NCPI Workmark
Articles in regional publications that pertain to a wide range of North Carolina-related topics.

Search Results


5 results for We the People of North Carolina Vol. 19 Issue 7, December 1961
Currently viewing results 1 - 5
PAGE OF 1
Record #:
31040
Author(s):
Abstract:
Changes in the Revenue Act increased the North Carolina General Fund over $32 million. Levied surtax was issued on liquors; sales and use tax exemptions were removed on horses and mules, fuel, and freezer supplies; sales and use tax exemptions were removed on farm and mill machinery, office equipment, and broadcasting equipment; tax rates were increased on sales and use tax on motor vehicles and airplanes; and sales and use tax exemptions were removed on sales of drugs, food, newspapers, photographs, and sales to State of North Carolina and its agencies.
Record #:
31038
Author(s):
Abstract:
North Carolina's government and business are working together to find ways to solve a public problem that is affecting everyone in the state. The North Carolina Traffic Safety Council, Inc. is a recently-formed private corporation working to prevent costly accidents and deaths from highway driving.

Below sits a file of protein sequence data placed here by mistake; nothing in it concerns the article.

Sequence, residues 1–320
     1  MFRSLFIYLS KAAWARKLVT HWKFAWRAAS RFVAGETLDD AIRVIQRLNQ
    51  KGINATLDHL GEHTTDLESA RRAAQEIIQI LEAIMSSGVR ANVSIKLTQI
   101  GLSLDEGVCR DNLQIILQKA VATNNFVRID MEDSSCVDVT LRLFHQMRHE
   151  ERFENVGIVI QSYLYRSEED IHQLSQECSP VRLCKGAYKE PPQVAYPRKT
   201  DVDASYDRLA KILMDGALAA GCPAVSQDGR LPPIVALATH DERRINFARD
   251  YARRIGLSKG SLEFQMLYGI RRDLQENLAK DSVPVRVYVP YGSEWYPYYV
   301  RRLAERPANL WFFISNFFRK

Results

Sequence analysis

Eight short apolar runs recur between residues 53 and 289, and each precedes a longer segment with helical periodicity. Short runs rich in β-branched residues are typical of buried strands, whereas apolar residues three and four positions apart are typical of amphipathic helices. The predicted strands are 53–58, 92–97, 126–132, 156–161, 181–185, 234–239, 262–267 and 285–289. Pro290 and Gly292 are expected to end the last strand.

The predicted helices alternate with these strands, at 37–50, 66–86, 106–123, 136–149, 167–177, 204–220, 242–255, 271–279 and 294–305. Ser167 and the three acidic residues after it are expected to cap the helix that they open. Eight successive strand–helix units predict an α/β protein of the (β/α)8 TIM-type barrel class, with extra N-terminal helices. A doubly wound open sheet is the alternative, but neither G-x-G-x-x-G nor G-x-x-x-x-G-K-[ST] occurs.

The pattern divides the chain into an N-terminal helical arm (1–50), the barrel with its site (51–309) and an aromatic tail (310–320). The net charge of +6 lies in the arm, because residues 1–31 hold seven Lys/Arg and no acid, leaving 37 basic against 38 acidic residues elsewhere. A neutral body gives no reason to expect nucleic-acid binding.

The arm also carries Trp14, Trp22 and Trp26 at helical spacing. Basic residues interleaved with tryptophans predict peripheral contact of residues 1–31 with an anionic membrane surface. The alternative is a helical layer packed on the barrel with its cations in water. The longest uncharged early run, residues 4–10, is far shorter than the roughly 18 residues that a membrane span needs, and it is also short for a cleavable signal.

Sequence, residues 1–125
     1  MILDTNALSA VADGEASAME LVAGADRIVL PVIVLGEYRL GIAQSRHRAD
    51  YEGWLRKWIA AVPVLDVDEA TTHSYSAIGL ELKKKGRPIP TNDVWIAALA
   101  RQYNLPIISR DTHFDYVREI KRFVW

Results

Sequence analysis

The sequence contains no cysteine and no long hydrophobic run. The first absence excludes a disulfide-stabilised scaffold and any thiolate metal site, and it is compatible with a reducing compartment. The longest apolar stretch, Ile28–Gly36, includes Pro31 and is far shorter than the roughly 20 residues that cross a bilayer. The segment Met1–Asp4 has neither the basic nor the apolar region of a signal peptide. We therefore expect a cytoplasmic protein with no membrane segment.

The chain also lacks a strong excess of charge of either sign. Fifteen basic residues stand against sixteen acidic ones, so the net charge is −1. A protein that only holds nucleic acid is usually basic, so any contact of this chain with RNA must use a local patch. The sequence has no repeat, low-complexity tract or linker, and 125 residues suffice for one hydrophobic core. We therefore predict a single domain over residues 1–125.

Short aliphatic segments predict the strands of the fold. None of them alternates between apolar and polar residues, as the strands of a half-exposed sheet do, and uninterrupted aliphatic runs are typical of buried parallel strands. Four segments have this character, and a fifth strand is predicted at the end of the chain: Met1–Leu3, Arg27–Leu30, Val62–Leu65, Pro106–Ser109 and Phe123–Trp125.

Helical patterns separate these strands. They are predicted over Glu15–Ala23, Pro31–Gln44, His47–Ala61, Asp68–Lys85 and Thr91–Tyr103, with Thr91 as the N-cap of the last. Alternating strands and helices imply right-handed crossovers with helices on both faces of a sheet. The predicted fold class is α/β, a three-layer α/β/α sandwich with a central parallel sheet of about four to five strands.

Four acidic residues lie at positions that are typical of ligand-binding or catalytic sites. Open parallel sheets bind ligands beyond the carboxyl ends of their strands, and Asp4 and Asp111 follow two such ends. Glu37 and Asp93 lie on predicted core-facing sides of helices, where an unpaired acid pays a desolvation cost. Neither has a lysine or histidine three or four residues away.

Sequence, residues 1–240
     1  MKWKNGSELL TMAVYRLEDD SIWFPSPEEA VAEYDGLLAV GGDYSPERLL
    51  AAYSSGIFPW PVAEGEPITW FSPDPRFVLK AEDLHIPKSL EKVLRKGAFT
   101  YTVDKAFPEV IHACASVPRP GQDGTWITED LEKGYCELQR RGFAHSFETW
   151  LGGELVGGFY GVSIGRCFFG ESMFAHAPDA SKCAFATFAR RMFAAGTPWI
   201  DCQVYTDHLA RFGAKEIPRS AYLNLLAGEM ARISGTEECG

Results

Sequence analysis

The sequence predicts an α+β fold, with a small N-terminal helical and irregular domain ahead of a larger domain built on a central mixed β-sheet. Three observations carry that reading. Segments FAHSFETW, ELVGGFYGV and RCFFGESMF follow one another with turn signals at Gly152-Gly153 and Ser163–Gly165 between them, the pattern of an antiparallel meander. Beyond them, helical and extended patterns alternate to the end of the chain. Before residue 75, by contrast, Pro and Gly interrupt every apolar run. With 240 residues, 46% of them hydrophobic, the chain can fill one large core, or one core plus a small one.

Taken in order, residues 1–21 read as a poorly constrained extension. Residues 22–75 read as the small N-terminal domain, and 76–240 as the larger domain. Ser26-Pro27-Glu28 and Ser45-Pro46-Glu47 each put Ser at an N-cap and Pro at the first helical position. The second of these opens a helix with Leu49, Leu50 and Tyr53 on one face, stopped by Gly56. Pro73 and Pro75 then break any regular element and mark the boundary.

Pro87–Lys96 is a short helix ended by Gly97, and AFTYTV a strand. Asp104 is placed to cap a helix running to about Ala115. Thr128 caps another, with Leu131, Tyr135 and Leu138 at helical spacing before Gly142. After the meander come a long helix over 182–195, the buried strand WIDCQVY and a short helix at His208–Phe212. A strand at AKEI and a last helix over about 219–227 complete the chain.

Source:
Subject(s):
Record #:
31039
Author(s):
Abstract:
An estimated $104 million dollars was spent by sportsmen in North Carolina last year on food, lodging, transportation, equipment, and licenses. However, the majority of the money spent went into food, lodging and equipment rather than licenses, which are the means by which resources are protected, maintained, and improved.
Source:
Subject(s):
Record #:
31041
Author(s):
Abstract:
The natural spring once touted as the southeastern North Carolina's most promising resource is not the center of a new and novel development. Bouncing Log Spring has become Boiling Springs Lake, Inc; the 14000 acre coastal oak and long leaf pine area is being transformed into a budding housing development surrounding a 350 acre man-make lake.
Source:
Record #:
31042
Author(s):
Abstract:
The yam is rising rapidly in North Carolina, with yields as high as 450 bushels on single acres. Among the leading producers, the competition is getting hot as the current yields are high above previous records thanks to a new variety developed at North Carolina State College.
Subject(s):